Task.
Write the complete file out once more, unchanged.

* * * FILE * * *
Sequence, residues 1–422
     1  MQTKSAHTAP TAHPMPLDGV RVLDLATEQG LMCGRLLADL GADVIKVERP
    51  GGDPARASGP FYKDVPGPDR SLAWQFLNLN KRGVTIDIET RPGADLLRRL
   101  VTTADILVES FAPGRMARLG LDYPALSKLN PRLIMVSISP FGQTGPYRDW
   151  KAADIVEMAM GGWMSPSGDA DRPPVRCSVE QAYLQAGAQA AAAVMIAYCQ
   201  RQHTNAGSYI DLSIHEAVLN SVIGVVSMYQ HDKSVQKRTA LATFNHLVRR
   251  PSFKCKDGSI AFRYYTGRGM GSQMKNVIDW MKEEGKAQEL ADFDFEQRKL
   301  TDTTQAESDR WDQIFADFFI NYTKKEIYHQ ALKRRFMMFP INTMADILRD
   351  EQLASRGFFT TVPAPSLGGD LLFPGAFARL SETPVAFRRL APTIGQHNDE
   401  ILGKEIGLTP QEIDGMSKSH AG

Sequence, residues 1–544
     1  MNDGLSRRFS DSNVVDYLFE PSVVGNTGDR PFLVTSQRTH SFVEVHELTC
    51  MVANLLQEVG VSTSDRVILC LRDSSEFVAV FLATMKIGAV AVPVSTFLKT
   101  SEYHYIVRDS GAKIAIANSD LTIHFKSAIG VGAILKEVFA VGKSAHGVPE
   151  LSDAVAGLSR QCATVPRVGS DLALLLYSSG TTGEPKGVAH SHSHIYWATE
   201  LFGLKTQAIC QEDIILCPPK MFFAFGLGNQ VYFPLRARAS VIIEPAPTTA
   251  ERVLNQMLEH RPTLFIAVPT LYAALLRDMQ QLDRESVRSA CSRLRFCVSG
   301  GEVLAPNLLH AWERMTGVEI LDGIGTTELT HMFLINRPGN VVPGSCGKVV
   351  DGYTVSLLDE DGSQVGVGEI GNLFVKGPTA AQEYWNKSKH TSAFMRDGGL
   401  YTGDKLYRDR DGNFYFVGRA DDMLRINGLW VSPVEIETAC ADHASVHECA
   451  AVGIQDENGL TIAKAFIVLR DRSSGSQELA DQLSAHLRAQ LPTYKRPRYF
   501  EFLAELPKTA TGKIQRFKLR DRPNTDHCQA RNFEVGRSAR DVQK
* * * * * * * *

Sequence, residues 1–422
     1  MQTKSAHTAP TAHPMPLDGV RVLDLATEQG LMCGRLLADL GADVIKVERP
    51  GGDPARASGP FYKDVPGPDR SLAWQFLNLN KRGVTIDIET RPGADLLRRL
   101  VTTADILVES FAPGRMARLG LDYPALSKLN PRLIMVSISP FGQTGPYRDW
   151  KAADIVEMAM GGWMSPSGDA DRPPVRCSVE QAYLQAGAQA AAAVMIAYCQ
   201  RQHTNAGSYI DLSIHEAVLN SVIGVVSMYQ HDKSVQKRTA LATFNHLVRR
   251  PSFKCKDGSI AFRYYTGRGM GSQMKNVIDW MKEEGKAQEL ADFDFEQRKL
   301  TDTTQAESDR WDQIFADFFI NYTKKEIYHQ ALKRRFMMFP INTMADILRD
   351  EQLASRGFFT TVPAPSLGGD LLFPGAFARL SETPVAFRRL APTIGQHNDE
   401  ILGKEIGLTP QEIDGMSKSH AG

Sequence, residues 1–544
     1  MNDGLSRRFS DSNVVDYLFE PSVVGNTGDR PFLVTSQRTH SFVEVHELTC
    51  MVANLLQEVG VSTSDRVILC LRDSSEFVAV FLATMKIGAV AVPVSTFLKT
   101  SEYHYIVRDS GAKIAIANSD LTIHFKSAIG VGAILKEVFA VGKSAHGVPE
   151  LSDAVAGLSR QCATVPRVGS DLALLLYSSG TTGEPKGVAH SHSHIYWATE
   201  LFGLKTQAIC QEDIILCPPK MFFAFGLGNQ VYFPLRARAS VIIEPAPTTA
   251  ERVLNQMLEH RPTLFIAVPT LYAALLRDMQ QLDRESVRSA CSRLRFCVSG
   301  GEVLAPNLLH AWERMTGVEI LDGIGTTELT HMFLINRPGN VVPGSCGKVV
   351  DGYTVSLLDE DGSQVGVGEI GNLFVKGPTA AQEYWNKSKH TSAFMRDGGL
   401  YTGDKLYRDR DGNFYFVGRA DDMLRINGLW VSPVEIETAC ADHASVHECA
   451  AVGIQDENGL TIAKAFIVLR DRSSGSQELA DQLSAHLRAQ LPTYKRPRYF
   501  EFLAELPKTA TGKIQRFKLR DRPNTDHCQA RNFEVGRSAR DVQK